Earlier this month, nearly 900 diplomats, state officials, and donors attended the opening of CERN Science Gateway: a new 75,000-square-foot science campus in Geneva, Switzerland designed by Renzo Piano Building Workshop (RPBW). Commissioned by the European Organization for Nuclear Research (CERN), the science campus features exhibition spaces, laboratories for hands-on scientific learning for children, an outdoor amphitheater, and a 900-seat conference room. ARUP served as structural engineer on the project.
The new building by RPBW is located at CERN’s Meyrin site just northwest of Geneva’s city center next to its airport. The new CERN Science Gateway is a short distance from an existing CERN landmark: the Globe of Science and Innovation by Hervé Dessimoz and Thomas Büchi which is a dome roughly the same diameter as St. Peter’s Basilica in Rome. The project was first announced in 2018 and construction kicked off in 2021.
At the CERN Science Gateway, narrative is paramount. The allegorical structure didactically teaches children about how the world is composed of elementary particles, and about the structure and evolution of the universe itself.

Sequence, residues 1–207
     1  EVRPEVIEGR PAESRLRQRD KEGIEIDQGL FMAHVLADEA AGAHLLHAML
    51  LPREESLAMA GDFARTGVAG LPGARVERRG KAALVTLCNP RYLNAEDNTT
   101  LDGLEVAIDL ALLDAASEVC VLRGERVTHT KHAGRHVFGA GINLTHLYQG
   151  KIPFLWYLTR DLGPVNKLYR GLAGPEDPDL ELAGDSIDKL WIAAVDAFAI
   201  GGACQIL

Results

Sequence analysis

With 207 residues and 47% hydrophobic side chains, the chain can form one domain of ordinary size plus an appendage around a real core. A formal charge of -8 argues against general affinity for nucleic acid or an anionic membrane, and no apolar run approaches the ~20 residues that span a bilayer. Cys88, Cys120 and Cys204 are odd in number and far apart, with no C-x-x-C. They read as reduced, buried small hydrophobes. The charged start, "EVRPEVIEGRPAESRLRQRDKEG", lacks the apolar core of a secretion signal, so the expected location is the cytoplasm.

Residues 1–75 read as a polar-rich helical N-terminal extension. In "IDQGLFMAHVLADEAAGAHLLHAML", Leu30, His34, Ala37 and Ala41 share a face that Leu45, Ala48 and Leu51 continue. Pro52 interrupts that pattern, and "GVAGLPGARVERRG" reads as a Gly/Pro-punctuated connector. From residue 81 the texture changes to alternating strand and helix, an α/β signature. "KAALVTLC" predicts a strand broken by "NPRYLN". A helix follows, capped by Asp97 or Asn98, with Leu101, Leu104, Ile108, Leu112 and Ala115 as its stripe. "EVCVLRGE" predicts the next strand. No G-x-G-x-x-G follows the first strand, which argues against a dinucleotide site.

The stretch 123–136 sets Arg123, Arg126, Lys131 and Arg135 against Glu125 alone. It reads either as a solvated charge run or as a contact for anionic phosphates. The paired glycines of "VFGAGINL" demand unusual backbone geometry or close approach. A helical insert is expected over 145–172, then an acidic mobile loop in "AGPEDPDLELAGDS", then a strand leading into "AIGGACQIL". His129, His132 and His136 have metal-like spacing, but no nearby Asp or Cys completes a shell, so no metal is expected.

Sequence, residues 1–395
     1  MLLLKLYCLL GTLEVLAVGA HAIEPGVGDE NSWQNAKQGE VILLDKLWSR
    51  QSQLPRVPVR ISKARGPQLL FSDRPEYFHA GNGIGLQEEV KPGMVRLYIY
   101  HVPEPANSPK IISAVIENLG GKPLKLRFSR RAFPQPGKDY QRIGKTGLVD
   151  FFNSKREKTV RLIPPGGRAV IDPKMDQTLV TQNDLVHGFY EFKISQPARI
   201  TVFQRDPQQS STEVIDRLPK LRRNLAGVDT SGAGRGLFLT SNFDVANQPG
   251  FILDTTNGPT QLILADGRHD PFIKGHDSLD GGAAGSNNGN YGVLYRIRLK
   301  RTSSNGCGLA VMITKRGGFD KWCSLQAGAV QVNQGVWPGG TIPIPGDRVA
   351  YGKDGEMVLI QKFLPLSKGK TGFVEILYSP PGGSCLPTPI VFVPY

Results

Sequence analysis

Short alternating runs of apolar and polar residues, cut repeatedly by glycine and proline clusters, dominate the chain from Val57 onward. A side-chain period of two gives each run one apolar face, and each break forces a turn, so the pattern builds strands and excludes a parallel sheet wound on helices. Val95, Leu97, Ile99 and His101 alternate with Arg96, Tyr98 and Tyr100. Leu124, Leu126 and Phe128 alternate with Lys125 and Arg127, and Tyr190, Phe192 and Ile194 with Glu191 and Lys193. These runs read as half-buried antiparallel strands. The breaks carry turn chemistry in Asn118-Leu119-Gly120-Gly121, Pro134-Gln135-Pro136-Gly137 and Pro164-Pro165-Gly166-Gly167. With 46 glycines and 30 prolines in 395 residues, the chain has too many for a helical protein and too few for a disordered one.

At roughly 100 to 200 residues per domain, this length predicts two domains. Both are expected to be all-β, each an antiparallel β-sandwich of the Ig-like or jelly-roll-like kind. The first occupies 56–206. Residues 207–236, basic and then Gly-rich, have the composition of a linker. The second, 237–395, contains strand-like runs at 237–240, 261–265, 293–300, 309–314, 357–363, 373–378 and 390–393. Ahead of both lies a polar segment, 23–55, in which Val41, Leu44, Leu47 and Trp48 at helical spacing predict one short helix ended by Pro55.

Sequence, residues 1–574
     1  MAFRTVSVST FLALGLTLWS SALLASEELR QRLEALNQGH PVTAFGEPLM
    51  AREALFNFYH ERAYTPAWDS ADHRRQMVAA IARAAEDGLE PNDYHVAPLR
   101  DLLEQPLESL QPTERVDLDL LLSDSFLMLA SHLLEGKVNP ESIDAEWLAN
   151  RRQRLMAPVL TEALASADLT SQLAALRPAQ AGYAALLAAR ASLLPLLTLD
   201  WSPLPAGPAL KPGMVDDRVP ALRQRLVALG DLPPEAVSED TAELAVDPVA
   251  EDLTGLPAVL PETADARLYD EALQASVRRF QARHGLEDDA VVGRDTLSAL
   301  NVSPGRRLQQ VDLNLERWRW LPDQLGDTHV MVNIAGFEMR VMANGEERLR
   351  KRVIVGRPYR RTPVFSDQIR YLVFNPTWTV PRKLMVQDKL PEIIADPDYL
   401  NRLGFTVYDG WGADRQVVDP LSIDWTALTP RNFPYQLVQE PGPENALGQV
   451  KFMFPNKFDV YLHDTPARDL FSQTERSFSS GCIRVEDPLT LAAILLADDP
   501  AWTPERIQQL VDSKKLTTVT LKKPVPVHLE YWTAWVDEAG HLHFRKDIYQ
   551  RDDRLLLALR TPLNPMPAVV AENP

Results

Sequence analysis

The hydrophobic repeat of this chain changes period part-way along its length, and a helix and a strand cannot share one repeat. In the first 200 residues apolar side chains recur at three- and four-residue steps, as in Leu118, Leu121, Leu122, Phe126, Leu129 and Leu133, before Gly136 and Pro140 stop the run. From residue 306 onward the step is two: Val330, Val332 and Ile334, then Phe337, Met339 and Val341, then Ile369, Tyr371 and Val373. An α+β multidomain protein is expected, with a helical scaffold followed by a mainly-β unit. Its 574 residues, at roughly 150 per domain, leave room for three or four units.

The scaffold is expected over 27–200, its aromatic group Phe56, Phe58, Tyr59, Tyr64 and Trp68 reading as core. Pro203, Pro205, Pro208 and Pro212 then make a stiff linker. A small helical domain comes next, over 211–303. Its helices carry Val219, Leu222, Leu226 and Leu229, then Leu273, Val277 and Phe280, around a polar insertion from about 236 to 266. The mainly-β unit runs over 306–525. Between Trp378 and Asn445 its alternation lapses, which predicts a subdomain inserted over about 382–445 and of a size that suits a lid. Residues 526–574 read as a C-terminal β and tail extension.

Renzo Piano Building Workshop took cues for the new structure from CERN’s unique facilities, including the Large Hadron Collider, the world’s largest particle accelerator. CERN Science Gateway’s most distinct features are its two tubes that cantilever out over Route de Meyrin, a multimodal thoroughfare that connects Geneva with Meyrin. The building is divided into five sections with exhibitions, laboratories, a 900-seat auditorium, shop, and a restaurant.
“This will be a place where people meet: kids, students, adults, teachers and scientists, everybody attracted by the exploration of the Universe, from the infinitely vast to the infinitely small,” Renzo Piano said in a statement. “It is a bridge, in both a metaphorical and a real sense. This building is fed by the energy of the Sun, landed in the middle of a newly grown forest.”
The two tubes are connected by a suspended bridge that functions as a spine and threads the campus divided by a road together. The bridge is elevated 20 feet above the ground plane and connects the volumes to two other structures where classrooms and exhibitions are located. The use of glass across the campus promotes the research organization’s dedication to making the field accessible. Full-height glass panels outfit the lifted corridor, while each of the rounded volumes is also faced with glazing allowing views into the laboratory and exhibition space from the roadway.
On the roofs of the two buildings are photovoltaic collectors with an outdoor amphitheater nestled in between. Just over 40,000 square feet of solar panels have been installed across the campus to power it. Both CERN and the architects are committed to making the building carbon neutral. The architects prescribed 400 new trees to be built at the campus, stitching it together with nature.
CERN anticipates the science campus will host up to 500,000 global visitors each year.